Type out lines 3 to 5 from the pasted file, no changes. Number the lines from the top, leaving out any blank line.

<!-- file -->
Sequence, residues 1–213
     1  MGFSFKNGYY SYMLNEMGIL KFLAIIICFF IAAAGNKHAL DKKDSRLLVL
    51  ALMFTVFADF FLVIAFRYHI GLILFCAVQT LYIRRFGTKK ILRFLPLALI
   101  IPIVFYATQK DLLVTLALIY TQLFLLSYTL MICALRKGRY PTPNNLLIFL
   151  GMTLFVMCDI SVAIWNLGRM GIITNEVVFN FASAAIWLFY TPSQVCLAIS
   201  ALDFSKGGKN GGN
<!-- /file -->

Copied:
    51  ALMFTVFADF FLVIAFRYHI GLILFCAVQT LYIRRFGTKK ILRFLPLALI
   101  IPIVFYATQK DLLVTLALIY TQLFLLSYTL MICALRKGRY PTPNNLLIFL
   151  GMTLFVMCDI SVAIWNLGRM GIITNEVVFN FASAAIWLFY TPSQVCLAIS